Interesting to note too that at the time of the encyclical a personal letter came from the Protestant theologian Karl Barth addressed to Paul VI, but it went via the Secretariat of State, [Cardinal Cicognani on November 28th 1968] congratulating the pope on his heroic and courageous stand on the issue of maintaining the link between the unitive and procreative aspects of married sexual love (which is the heart of the encyclical’s teaching) against pressure from all sides.7
So why has this particular magisterial teaching been met with such unprecedented rejection, confusion, outright dissent or complete indifference? The heart of the answer to the question lies in the contraceptive mentality; which began to prevail long before the 1960s through key protagonists within the eugenics movement. The contraceptive mentality is not just about birth control and the various methods of birth control so much as a mind set which people suffer from in various degrees or forms. Indeed as the late Archbishop Fulton Sheen once said, those who advocate birth control neither appreciate birth nor understand control. The contraceptive mentality concerns prevailing anti-life attitudes to women and motherhood, men and fatherhood, children as burdens or problems instead of gifts, sexuality as recreational, reproduction without sex and love without responsibility.
Given the kind of culture we live in, which is sex-saturated, indeed one might describe it as hyper-sexualised, it is hard even for the most committed Christian not to be affected by it, which almost like a forest fire, draws oxygen away from the culture of life. To make an analogy here, it is rather like the effects on one’s health of passive smoking. Such a mentality creates a culture of fear – being afraid, afraid to love deeply, truly, honestly and transparently - especially in the relationship between man and woman; whether that be married or unmarried. There is a fear certainly when it comes to the struggle with human fragility and sexuality, interpersonal relationships but what exactly are people afraid of?
Deep down in the heart and soul is a fear of self-sacrifice. Our human nature, wounded, though not permanently damaged (as John Paul II would say) clings to a false self preservation, the satisfying of false self, the ego. Such understandable but disproportionate preservation of the self manifests itself in the often pathological fear of having more offspring [than one imagines one has the capacity to handle] or of having babies at all!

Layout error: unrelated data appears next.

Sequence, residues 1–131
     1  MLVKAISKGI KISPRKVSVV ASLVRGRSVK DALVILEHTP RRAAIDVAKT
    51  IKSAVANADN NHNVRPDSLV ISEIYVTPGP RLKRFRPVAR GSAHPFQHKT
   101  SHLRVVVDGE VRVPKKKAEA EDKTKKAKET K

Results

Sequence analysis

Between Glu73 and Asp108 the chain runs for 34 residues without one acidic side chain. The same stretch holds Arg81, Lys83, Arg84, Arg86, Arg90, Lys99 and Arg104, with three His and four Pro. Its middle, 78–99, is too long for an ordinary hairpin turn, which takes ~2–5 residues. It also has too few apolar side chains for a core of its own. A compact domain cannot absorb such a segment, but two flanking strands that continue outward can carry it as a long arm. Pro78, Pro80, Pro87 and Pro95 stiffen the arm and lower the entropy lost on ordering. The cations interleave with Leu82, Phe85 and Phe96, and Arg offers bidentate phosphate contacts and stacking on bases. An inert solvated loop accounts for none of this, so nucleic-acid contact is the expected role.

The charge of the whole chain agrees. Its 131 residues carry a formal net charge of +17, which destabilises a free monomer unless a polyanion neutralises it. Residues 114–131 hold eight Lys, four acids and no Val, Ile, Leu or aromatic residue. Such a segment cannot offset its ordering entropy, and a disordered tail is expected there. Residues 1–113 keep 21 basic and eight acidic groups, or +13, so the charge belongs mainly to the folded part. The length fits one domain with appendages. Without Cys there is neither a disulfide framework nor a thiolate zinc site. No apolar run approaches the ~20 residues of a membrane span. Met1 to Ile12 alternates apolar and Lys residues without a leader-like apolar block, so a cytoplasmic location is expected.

Pregnancy and fertility is often treated like an illness to be avoided, it is a pathology rather than gift and if it is contemplated then it is in the context of lifestyle choice rather than openness to life. 8 After all, one thing Paul VI could never have foreseen or predicted was that we would arrive (as a society) at the point where we now have babies without sex, (assisted reproduction) let alone sex without love and responsibility. As the Director of the Holy See Press Office put it:
Recently on the billboards on the Underground in London, there were two books advertised, entitled: “And God Created the Au Pair, We’d be perfect mothers if it weren’t for the children” and “Baby-Proofing Your Marriage.” The implication being of course that, children will deny your personality, take over your life, and stifle your freedom. Well, indeed they do but in a good sense – you find yourself if you lose yourself is the essence of Christ’s message. Self sacrifice and unconditional love for others bring you fulfilment and if your call to marriage includes parenthood then that comes with a price but a price worth paying. So there’s a culture of fear underpinning the contraceptive mentality and that its unique expression within and outside of the Church in 1968 was sharply skewed by the alarmist Malthusian exaggerations about population levels. Hyperbole is always at risk of blurring the vision for truth, or as is commonly (albeit jokingly) known in journalism, ‘never let the truth get in the way of a good story.’